So, Saddam Hussain has been convicted by a court of his own countrymen, of crimes against the Iraqi people. I'm not qualified to judge whether or not his conviction is fair - though I am concerned to hear that the highly respected Amnesty International think that there are major issues with the procedures. However, my principle concern is that he is to be executed for his crimes.
The debate has already started - between those who believe, (like Margaret Beckett) that it is appropriate for him to suffer the full force of local justice) - and those, (like Menzies Campbell) who are concerned that he will simply become a martyr.
My concern is more theological: it occurred as I've watched the news unfolding this afternoon, that there was another man, 2000 years ago, who was executed by his own people. Of course, I don't draw any parrallels between an evil dictator and the son of God - I simply wonder why, 2000 years later, we have not learned that executing people we don't like doesn't work!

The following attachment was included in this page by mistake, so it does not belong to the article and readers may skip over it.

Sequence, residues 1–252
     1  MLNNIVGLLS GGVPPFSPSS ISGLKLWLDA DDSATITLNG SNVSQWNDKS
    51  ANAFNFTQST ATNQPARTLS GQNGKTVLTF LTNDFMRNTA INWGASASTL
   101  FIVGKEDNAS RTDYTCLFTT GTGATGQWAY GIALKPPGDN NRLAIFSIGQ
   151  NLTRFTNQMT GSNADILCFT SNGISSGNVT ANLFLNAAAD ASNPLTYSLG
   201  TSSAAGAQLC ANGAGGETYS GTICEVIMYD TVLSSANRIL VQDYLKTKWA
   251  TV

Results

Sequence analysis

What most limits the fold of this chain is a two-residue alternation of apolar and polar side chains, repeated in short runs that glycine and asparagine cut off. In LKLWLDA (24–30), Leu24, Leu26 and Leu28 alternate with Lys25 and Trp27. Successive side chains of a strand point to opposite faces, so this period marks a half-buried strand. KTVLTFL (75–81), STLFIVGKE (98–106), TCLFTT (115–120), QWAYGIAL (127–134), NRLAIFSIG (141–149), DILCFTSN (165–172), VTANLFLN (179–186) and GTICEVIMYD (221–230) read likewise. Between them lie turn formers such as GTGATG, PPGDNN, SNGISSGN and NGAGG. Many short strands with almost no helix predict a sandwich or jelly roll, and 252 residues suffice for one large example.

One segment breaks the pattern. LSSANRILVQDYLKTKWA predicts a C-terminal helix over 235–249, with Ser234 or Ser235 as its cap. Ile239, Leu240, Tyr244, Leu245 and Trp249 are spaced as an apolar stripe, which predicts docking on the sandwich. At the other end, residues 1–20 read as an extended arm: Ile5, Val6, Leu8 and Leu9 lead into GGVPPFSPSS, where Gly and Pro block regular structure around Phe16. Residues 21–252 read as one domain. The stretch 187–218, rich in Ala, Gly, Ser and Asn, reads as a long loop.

The other - and perhaps main - point is this. Can it be right to treat one act of barbarism (the violence of Saddam) with another (the violence of the state)? Wouldn't it be better to keep Saddam alive, in prison, to meditate on the consequences of his actions, in the hope that one day he might be lovingly persuaded to confess his sins, and repent of them? Wouldn't that be at least one substantial way of interpreting the command to love our enemies?
I find myself deeply concerned about the use of the death penalty in all cases...and especially with Saddam. What do you think?